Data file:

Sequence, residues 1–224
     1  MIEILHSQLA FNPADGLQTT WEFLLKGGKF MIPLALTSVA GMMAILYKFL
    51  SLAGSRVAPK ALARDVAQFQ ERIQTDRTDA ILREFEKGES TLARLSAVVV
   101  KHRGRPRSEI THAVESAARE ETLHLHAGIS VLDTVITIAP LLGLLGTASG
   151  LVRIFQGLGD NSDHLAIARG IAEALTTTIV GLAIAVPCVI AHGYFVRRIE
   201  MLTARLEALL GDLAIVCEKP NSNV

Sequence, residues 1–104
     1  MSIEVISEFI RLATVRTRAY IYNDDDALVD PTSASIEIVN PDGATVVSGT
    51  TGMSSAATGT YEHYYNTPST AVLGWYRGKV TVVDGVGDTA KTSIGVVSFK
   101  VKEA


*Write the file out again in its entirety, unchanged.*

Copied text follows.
Sequence, residues 1–224
     1  MIEILHSQLA FNPADGLQTT WEFLLKGGKF MIPLALTSVA GMMAILYKFL
    51  SLAGSRVAPK ALARDVAQFQ ERIQTDRTDA ILREFEKGES TLARLSAVVV
   101  KHRGRPRSEI THAVESAARE ETLHLHAGIS VLDTVITIAP LLGLLGTASG
   151  LVRIFQGLGD NSDHLAIARG IAEALTTTIV GLAIAVPCVI AHGYFVRRIE
   201  MLTARLEALL GDLAIVCEKP NSNV

Sequence, residues 1–104
     1  MSIEVISEFI RLATVRTRAY IYNDDDALVD PTSASIEIVN PDGATVVSGT
    51  TGMSSAATGT YEHYYNTPST AVLGWYRGKV TVVDGVGDTA KTSIGVVSFK
   101  VKEA